What to Do If You're the Breadwinner in Your Relationship

Our resident psychiatrist addresses the imbalances stemming from a difference in paychecks.

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(Image credit: Getty Images ¦ Chuanchai Pundej / EyeEm)

Q: I’m the breadwinner in my family, which sometimes leads to resentment on my part when my husband isn’t pulling his weight. When I try to broach the topic, he gets defensive. Advice?

From my experience, arguments about money are rarely just about money. They’re about what money represents to those involved. Instead of fixating on dollars and cents and who owes/deserves what, shift the focus to the underlying emotions. Is your husband feeling controlled by the current financial situation? Is it making him feel vulnerable or insecure? What does being the breadwinner mean to you?

People have different money mindsets: Some are savers, others are spenders, and pretty much everyone has a personal definition of value. These beliefs are shaped by how we grew up and what money meant to our parents. For instance, I had a patient whose father lost his job when she was in middle school. The family sold their home and ended up moving in with relatives in a different state. This experience undoubtedly informed how she thought about her own finances and created issues with her significant other, who was far less cautious. Instead of allowing the conflict to drive a wedge between them, they used it to gain a greater understanding of each other and ultimately generate a shared understanding of what money meant to them as a couple.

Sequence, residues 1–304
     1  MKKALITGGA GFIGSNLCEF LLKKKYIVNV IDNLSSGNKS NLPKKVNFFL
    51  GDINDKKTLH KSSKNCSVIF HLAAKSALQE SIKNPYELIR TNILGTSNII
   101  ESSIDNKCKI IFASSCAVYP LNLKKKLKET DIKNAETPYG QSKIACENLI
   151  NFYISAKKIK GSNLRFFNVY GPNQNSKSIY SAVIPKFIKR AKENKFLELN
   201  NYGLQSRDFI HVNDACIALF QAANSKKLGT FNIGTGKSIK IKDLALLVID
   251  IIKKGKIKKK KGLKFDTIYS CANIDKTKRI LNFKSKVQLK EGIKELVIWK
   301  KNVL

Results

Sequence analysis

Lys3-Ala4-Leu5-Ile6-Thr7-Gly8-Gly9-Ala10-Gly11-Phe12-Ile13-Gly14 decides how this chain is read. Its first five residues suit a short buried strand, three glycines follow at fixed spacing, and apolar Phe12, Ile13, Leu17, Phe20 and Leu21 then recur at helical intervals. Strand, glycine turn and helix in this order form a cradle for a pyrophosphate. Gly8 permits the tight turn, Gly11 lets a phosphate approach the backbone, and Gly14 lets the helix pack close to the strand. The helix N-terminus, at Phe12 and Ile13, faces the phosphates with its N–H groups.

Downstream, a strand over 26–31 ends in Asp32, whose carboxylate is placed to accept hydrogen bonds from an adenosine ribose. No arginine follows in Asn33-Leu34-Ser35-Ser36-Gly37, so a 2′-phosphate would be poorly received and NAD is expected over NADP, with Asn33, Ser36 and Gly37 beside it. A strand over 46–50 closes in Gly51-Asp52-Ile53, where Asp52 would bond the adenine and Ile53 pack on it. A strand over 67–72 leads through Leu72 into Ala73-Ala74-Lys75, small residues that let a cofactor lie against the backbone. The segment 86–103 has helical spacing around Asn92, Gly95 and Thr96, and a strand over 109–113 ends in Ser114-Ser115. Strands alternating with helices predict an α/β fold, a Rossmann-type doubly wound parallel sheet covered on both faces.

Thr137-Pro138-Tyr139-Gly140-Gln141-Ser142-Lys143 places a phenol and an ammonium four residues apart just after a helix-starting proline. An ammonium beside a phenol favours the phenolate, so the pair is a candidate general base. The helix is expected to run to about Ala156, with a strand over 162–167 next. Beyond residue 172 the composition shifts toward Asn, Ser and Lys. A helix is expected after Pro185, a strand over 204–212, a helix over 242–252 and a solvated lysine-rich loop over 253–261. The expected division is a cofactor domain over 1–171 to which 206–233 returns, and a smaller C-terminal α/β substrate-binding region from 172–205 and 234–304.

So, here’s my two cents (pun intended): Have an open conversation about what money means to each of you. Money is so easily weaponized. Choose to disarm it instead.

Dr. Samantha Boardman is a clinical instructor in psychiatry and an assistant attending psychiatrist at Weil Cornell Medical College in New York and the the founder of positiveprescription.com.

This story originally appeared in the February 2020 issue of Marie Claire.

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